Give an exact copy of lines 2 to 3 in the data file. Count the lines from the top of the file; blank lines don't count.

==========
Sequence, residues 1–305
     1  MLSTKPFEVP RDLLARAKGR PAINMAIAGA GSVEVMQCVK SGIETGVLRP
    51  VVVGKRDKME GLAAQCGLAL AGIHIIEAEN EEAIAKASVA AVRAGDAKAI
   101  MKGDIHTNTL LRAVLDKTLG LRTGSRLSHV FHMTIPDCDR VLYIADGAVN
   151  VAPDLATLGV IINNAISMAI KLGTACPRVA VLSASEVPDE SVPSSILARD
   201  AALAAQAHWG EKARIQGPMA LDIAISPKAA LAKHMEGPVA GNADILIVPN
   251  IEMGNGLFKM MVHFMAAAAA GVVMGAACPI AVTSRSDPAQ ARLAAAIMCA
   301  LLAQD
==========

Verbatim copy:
     1  MLSTKPFEVP RDLLARAKGR PAINMAIAGA GSVEVMQCVK SGIETGVLRP
    51  VVVGKRDKME GLAAQCGLAL AGIHIIEAEN EEAIAKASVA AVRAGDAKAI